Soldier in Puerto Rico: 'As long as they need me, I will be here'
By AMANDA DOLASINSKI | The Fayetteville Observer, N.C. | Published: October 13, 2017
FAYETTEVILLE, N.C. (Tribune News Service) — Sgt. 1st Class Jose Graulau navigated a Humvee through debris littering the streets of Puerto Rico.
There was a sense of familiarity in the damage and destruction, since he and other soldiers had spent the past month helping victims of hurricanes Harvey and Irma in Texas and Florida. But, now in Puerto Rico to help Hurricane Maria survivors, the mission had become personal.
Graulau’s Humvee crept along the tree-laden streets until it reached his childhood home. He hopped out and began calling for his parents.
He didn’t stop to knock — he barged in, embracing his parents as they walked down the stairs after being awakened early.
“I was very grateful,” Graulau said Thursday from the island. “They mean the world to me. They’re the ones that raised me. I was grateful to come over here, to see them, help them and help the people of Puerto Rico.”
Graulau is part of a small team of soldiers from the Fort Bragg-based 3rd Expeditionary Sustainment Command who have been deployed to Puerto Rico to help hurricane survivors. The soldiers, who specialize in logistics and distribution management, arrived five days after Hurricane Maria struck.
The hurricane, which formed Sept. 16 in the Atlantic Ocean, made landfall in Dominica with Category 5 strength on Sept. 18, and only slightly weakened as it struck Puerto Rico the following day. At least 45 people on the island have died, according to Gov. Ricardo Rossello.
U.S. military assets supported the Federal Emergency Management Agency as it worked to support state and local authorities.
Graulau, who was born in San Juan, grew up in the town of Bayamon with two loving parents and two brothers.
“It was a perfect childhood,” he said. “It’s a very, very safe place. A tropical place. We are very humble people.”
Graulau’s older brother left home when he enlisted in the Army and is now a Kiowa pilot.
Graulau started college, but at 19, followed in his brother’s footsteps and also enlisted in the Army.
Over his 15-year career, he’s been deployed to Iraq four times, where he conducted convoy operations and worked at the airport in Baghdad, he said.
As a mobility noncommissioned officer in charge for 3rd Expeditionary Sustainment Command, Graulau is responsible for coordinating transportation for the delivery of supplies. His teams surveyed Puerto Rico to determine the best locations for supplies to be delivered by boat or aircraft so they could be distributed across the island, he said.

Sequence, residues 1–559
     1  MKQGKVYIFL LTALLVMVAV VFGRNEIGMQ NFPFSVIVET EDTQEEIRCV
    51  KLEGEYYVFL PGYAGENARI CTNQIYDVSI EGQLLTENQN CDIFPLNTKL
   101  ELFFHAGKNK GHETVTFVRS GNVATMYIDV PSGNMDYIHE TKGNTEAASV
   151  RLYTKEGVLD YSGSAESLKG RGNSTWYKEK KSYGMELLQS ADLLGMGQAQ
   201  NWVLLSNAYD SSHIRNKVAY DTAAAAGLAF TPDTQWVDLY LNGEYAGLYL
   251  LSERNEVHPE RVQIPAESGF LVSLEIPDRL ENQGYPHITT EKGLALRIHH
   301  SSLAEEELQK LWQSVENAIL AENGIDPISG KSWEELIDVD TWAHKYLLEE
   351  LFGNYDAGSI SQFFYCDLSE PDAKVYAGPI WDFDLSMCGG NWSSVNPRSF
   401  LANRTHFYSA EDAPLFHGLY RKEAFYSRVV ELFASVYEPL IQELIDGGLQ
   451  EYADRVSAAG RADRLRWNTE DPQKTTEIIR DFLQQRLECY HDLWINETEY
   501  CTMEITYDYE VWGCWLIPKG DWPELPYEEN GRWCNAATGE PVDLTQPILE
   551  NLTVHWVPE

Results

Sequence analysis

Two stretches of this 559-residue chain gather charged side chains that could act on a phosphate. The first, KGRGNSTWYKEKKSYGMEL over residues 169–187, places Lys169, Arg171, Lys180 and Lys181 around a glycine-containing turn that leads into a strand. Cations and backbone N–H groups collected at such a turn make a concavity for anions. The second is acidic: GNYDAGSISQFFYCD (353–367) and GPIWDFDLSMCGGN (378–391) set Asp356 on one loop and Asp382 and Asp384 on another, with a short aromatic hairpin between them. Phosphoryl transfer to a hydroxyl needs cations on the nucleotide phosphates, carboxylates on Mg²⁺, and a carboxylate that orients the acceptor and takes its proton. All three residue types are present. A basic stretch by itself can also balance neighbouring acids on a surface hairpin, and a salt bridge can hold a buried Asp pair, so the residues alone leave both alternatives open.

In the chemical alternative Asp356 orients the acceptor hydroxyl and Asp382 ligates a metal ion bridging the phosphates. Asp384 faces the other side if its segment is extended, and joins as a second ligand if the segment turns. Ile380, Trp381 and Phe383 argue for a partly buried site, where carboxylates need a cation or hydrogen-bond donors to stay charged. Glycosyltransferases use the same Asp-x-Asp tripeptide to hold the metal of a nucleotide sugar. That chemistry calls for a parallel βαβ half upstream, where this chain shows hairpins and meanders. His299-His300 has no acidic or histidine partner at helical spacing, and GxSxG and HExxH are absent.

In rural parts of Puerto Rico, residents are relying on food and water to be delivered by airlifts, according to the Army.
As of Tuesday, 64 percent of the residents on the island had access to water, 78 percent of the gas stations were open and 87 percent of the supermarkets were open, according to the Army.
Graulau said he talked to his parents the night before the hurricane made landfall. They were calm and seemed ready, he said. After all, they’d been through hurricanes before.
Hours later, Hurricane Maria struck, ripping down power lines and toppling homes.
For four days, Graulau’s calls to the island were a dead end.
“It was very stressful,” he said. “I felt hopeless for four days. I couldn’t help my people.”
He and other soldiers from the sustainment command had been on back-to-back hurricane relief missions in Texas and Florida, but he didn’t hesitate when there was talk of going to Puerto Rico.
“I was ready,” Graulau said. “I was ready to do my job and help everyone that is in need.”
A military aircraft delivered the soldiers to the island in the nighttime just days after the hurricane struck. The next morning, Graulau braced himself to look around the tropical island where he grew up.
Debris littered the streets.
People were struggling to find water.
Long lines formed in front of gas stations and supermarkets.
“The devastation that I saw … I will never imagine Puerto Rico looking like this,” he said. “It looked like a bomb went off in Puerto Rico. When you see poles for electricity broken and these are cement, broken because of the wind, it’s significant.”
While he was working, Graulau ran into neighbors and friends from school. His motivation to help provide relief intensified.
“The faster we get these places set up, the faster (supplies) is going to be distributed,” he said. “I was really shocked by what I saw, but my mind was focused on the mission.”
Residents have welcomed the soldiers, many embracing them and making handmade thank you signs to wave in the streets.
“They are very grateful for the military response,” Graulau said. “These people are very resilient and grateful that all these federal agencies are helping out. The routes are getting clearer every day. At the beginning, there were long lines at gas stations, supermarkets, ATMs. Now you don’t see as many. Now you see lights coming on. Now you see people getting water turned back on. It’s a relief to see things like that.''
Graulau misses his family in North Carolina. He has three young children, and his wife is stationed at Fort Bragg, where she serves in the operations shop for the 82nd Airborne Division.
But, he said, his family understands the critical needs of his home.
“As long as they need me, I will be here,” he said.
©2017 The Fayetteville Observer (Fayetteville, N.C.)
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